Identification and characterization of Snapin as a ubiquitously expressed SNARE-binding protein that interacts with SNAP23 in non-neuronal cells.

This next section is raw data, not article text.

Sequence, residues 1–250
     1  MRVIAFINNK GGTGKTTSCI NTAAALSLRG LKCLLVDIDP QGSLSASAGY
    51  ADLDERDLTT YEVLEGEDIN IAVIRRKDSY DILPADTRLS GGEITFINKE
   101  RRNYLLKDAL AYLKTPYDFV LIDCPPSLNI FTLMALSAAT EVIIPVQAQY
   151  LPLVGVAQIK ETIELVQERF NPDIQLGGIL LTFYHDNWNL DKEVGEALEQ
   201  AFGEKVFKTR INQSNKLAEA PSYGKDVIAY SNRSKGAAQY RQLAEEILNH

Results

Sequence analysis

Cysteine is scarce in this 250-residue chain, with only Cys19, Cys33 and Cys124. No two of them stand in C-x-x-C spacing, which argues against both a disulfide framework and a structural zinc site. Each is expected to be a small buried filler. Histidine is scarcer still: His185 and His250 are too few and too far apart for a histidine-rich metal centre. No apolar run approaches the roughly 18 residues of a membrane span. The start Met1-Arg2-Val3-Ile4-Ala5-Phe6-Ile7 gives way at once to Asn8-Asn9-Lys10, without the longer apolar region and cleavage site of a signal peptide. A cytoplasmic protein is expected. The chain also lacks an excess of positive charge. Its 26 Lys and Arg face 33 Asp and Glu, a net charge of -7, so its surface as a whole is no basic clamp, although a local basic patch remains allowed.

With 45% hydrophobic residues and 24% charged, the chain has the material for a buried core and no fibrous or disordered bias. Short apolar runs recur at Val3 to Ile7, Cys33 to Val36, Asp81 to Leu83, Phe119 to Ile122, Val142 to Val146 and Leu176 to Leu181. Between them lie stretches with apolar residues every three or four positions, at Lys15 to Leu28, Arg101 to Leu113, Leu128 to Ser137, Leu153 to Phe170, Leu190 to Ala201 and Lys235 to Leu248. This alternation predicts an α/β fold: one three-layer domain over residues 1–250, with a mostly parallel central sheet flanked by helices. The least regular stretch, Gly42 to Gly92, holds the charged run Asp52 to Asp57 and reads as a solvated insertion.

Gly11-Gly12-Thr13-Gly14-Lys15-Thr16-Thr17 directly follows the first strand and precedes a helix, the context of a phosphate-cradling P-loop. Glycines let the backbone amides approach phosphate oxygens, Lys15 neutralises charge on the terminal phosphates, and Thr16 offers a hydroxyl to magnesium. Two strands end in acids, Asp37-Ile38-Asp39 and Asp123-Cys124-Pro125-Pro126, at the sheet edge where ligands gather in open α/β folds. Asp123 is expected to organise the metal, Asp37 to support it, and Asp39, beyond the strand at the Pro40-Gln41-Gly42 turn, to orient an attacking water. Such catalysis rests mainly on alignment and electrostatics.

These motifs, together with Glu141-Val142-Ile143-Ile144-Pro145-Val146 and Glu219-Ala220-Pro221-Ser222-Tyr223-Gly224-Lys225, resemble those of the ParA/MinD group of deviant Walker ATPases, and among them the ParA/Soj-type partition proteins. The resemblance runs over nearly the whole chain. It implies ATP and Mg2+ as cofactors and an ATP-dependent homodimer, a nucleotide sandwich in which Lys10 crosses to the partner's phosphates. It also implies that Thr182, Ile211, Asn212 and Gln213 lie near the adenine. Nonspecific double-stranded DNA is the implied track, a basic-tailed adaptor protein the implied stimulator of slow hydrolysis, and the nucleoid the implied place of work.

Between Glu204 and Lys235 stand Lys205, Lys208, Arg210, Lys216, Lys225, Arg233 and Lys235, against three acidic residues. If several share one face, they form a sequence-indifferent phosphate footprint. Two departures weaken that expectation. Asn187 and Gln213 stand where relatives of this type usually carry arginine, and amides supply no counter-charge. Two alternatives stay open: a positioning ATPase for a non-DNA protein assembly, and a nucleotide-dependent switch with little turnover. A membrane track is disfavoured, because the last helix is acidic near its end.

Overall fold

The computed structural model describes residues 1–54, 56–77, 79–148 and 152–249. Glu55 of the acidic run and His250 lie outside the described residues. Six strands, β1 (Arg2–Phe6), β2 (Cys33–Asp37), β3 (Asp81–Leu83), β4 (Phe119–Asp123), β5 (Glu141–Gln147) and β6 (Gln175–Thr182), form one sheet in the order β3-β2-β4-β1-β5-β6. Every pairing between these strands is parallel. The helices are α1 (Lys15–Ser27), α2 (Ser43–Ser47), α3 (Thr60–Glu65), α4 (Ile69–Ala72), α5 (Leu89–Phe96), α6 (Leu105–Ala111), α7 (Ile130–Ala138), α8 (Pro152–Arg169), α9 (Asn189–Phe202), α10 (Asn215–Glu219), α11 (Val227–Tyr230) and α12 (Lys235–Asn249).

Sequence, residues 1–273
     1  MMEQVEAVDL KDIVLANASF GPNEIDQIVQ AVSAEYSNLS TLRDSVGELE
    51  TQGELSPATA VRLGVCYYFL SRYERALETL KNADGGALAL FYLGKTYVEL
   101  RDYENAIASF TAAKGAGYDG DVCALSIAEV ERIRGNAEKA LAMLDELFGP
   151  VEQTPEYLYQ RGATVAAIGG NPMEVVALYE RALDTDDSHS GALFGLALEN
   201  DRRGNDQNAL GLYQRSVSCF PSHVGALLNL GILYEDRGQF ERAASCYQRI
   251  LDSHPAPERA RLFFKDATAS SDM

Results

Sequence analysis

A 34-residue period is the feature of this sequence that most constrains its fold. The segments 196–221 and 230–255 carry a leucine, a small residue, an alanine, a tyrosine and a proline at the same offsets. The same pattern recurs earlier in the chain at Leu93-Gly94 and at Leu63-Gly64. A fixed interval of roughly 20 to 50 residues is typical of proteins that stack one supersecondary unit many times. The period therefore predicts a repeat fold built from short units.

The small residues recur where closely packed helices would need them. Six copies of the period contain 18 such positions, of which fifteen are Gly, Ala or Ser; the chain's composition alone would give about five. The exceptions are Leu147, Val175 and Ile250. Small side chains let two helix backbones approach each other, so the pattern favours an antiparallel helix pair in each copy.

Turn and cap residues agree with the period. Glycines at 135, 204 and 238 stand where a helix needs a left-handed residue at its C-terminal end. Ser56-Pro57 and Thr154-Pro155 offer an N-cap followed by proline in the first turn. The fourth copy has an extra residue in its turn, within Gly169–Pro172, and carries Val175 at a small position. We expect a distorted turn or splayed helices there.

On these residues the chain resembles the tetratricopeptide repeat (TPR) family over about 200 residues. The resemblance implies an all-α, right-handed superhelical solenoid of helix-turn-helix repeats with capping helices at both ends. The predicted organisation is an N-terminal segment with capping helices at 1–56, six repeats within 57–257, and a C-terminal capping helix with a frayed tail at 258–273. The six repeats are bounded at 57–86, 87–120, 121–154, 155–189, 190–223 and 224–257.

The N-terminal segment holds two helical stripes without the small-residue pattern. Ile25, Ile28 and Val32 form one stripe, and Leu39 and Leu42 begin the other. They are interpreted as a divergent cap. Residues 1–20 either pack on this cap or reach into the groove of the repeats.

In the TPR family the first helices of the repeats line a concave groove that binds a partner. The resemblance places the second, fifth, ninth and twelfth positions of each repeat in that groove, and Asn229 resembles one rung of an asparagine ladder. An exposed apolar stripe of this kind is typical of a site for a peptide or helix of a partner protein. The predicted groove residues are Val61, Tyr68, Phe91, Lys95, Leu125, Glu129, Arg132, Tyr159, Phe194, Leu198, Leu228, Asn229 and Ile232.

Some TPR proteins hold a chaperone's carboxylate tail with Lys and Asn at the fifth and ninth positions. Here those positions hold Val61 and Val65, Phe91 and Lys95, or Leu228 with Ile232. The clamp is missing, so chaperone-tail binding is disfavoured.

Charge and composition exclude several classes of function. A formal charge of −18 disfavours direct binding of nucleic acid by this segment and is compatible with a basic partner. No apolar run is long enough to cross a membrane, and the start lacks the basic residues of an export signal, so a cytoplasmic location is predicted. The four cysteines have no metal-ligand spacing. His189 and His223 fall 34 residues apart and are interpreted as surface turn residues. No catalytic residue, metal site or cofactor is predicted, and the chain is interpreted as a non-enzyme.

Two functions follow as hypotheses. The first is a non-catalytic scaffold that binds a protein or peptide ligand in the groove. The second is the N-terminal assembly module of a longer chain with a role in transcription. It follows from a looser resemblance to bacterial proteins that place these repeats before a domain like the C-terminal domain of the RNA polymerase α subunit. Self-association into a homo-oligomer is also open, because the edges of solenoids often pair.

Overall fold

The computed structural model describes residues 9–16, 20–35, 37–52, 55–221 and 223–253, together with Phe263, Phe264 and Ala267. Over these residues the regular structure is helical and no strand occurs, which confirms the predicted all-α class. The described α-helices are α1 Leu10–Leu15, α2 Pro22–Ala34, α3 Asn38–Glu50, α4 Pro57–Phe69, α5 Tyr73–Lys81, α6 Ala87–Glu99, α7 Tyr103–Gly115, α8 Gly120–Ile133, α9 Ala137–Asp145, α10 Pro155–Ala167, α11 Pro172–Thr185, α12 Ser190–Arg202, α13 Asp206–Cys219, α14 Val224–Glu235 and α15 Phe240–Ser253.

Members of the SNARE (soluble N -ethylmaleimide-sensitive fusion protein attachment protein receptor) superfamily [syntaxins, VAMPs (vesicle-associated membrane proteins) and SNAP25 (synaptosome-associated protein-25)-related proteins] are required for intracellular membrane-fusion events in eukaryotes. In neurons, assembly of SNARE core complexes comprising the presynaptic membrane-associated SNAREs syntaxin 1 and SNAP25, and the vesicle-associated SNARE VAMP2, is necessary for synaptic vesicle exocytosis. Several accessory factors have been described that associate with the synaptic SNAREs and modulate core complex assembly or mediate Ca2+ regulation. One such factor, Snapin, has been reported to be a brain-specific protein that interacts with SNAP25, and regulates association of the putative Ca2+-sensor synaptotagmin with the synaptic SNARE complex [Ilardi, Mochida and Sheng (1999) Nat. Neurosci. 2, 119-124]. Here we demonstrate that Snapin is expressed ubiquitously in neuronal and non-neuronal cells. Furthermore, using protein-protein-interaction assays we show that Snapin interacts with SNAP23, the widely expressed homologue of SNAP25, and that the predicted C-terminal helical domain of Snapin contains the SNAP23-binding site. Subcellular localization experiments revealed that Snapin is a soluble protein that exists in both cytosolic and peripheral membrane-bound pools in adipocytes. Moreover, association of Snapin with the plasma membrane was detected in cells overexpressing a Snapin-green fluorescent protein fusion protein. Finally, we show that Snapin is able to form a ternary complex with SNAP23 and syntaxin 4, suggesting that it is a component of non-neuronal SNARE complexes. An important implication of our results is that Snapin is likely to perform a general role in SNARE-mediated vesicle fusion events in non-neuronal cells in addition to its participation in Ca2+-regulated neurosecretion.